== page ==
Blog

January 13, 2020

Bad Trumps Good

Threat is more powerful than reward because our brains are designed to keep us safe. Studies show the avoid (threat) response generates more arousal, more quickly and lasts longer than the approach (reward) response. The limbic system within the brain controls our emotions. It can process information within a fifth of a second before it reaches conscious awareness. It remembers whether something should be avoided or approached. We may consider this intuition. It is reflex designed for survival. Physical and social pains produce similar responses. Magnetic resonance imaging (MRI) shows the same areas of the brain are stimulated whether the […]
December 9, 2019

Why Goals Fail

There are a number of goal setting practices. SMART published in 1981 is still used today. Defining Specific, Measurable, Attainable, Realistic and Time-Bound aspects of the goal is still a popular model. SMART, as well as other goal-setting models use information to develop a clear statement of intention.  These models often fail because they don’t answer “why.”  Knowing why makes it emotional, it ties to who we are and want to be. It’s been determined that people have a trait to be either approach-motivated or avoidance-motivated. People who are approach-motivated may exercise to be fit; while those avoidance-motivated may exercise […]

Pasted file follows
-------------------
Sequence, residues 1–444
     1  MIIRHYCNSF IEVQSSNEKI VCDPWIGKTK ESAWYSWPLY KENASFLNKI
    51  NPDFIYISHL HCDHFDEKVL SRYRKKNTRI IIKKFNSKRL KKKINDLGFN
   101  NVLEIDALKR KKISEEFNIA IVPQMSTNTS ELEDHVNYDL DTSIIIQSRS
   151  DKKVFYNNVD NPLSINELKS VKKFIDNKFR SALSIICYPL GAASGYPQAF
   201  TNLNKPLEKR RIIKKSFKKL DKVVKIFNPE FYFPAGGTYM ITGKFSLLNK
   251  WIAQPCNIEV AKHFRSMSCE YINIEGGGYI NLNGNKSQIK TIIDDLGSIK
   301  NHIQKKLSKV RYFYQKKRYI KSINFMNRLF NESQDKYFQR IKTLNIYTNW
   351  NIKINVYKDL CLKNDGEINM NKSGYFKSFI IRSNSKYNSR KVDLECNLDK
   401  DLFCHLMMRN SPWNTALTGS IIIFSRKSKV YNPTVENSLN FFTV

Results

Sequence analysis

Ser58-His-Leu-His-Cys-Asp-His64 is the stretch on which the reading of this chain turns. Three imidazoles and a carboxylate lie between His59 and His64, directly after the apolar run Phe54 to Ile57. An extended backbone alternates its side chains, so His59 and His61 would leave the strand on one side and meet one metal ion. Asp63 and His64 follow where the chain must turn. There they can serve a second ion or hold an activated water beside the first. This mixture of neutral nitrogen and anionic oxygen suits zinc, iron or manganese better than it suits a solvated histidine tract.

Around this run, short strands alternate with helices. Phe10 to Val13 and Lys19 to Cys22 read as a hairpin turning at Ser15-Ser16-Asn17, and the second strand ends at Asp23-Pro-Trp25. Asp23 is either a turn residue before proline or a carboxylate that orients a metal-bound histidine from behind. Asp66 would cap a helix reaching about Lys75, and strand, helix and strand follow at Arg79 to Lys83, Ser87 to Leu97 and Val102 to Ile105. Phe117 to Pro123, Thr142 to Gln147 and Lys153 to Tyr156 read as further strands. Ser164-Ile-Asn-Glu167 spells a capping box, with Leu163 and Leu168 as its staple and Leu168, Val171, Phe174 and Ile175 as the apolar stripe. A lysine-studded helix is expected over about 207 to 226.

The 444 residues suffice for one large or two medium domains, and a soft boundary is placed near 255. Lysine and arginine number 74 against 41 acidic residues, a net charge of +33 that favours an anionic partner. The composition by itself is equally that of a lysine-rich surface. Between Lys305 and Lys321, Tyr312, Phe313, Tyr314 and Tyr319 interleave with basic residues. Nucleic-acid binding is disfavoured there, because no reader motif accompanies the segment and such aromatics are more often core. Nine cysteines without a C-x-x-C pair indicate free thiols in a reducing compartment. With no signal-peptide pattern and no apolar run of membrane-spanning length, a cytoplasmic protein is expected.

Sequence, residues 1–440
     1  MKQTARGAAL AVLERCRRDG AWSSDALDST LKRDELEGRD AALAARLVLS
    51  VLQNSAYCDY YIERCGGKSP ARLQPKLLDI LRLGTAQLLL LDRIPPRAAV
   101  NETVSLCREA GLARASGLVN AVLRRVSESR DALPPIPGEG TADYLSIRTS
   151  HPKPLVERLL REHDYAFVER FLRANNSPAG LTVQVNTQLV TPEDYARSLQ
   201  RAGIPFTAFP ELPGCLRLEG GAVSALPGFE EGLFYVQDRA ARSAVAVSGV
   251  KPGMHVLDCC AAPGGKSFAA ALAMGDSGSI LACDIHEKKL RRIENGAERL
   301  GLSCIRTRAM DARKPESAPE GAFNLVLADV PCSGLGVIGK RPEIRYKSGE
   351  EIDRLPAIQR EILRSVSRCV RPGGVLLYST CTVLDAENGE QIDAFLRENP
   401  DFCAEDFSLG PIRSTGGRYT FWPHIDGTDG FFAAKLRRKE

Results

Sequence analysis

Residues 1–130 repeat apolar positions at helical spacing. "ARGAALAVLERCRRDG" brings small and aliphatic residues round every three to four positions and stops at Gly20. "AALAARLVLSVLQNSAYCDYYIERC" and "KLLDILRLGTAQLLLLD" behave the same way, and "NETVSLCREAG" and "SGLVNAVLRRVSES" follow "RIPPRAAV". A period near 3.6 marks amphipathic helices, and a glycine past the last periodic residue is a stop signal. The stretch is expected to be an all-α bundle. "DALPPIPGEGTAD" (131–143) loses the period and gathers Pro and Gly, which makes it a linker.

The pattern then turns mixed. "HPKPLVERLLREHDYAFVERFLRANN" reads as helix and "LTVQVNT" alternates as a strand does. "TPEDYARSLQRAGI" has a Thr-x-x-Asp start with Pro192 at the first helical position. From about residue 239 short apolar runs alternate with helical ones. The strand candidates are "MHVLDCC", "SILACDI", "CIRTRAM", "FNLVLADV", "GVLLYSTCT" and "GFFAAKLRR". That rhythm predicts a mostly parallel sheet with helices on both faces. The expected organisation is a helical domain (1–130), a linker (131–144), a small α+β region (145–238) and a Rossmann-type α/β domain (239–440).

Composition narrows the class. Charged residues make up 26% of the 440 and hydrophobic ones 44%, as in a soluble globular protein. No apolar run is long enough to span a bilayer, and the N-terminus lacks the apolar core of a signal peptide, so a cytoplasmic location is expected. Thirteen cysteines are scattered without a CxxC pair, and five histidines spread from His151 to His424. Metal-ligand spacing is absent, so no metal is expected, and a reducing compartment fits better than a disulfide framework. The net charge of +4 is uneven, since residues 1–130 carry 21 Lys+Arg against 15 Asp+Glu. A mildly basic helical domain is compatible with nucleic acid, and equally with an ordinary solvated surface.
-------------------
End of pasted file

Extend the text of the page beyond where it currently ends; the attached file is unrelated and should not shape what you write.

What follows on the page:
November 11, 2019

Get Out of the Way and Lead

Most leaders have been thinking for others for decades; knowing what is best; leading and directing others. That is what leaders do.  Recent neuroscience wants to rock that boat.  A new set of leadership skills includes giving people mental space to think for themselves and helping people simplify their thinking. Leaders can start noticing the qualities of others’ thinking and help them make their own connections. That is not to say leaders can’t establish goals and boundaries. It does say leaders must allow people to come up with their solutions rather than provide advice. An exercise in David Rock’s book, […]
September 23, 2019

Kindness Pays

People should be treated with basic kindness. The way we treat each other establishes our relationships. People don’t need a reason to be kind. Yet kindness has a powerful impact.  Kindness generates connectivity and trust. Research has shown kindness increases productivity, prosocial behaviors and can even improve health.  The Association of Professional Executives of the Public Service of Canada (APEX) conducted a comprehensive study which revealed shocking comparisons between the most civil teams and the least civil teams. Respectful teams possess 26% more energy; 30% increase in feelings of vitality and are 30% more motivated and likely to acquire new […]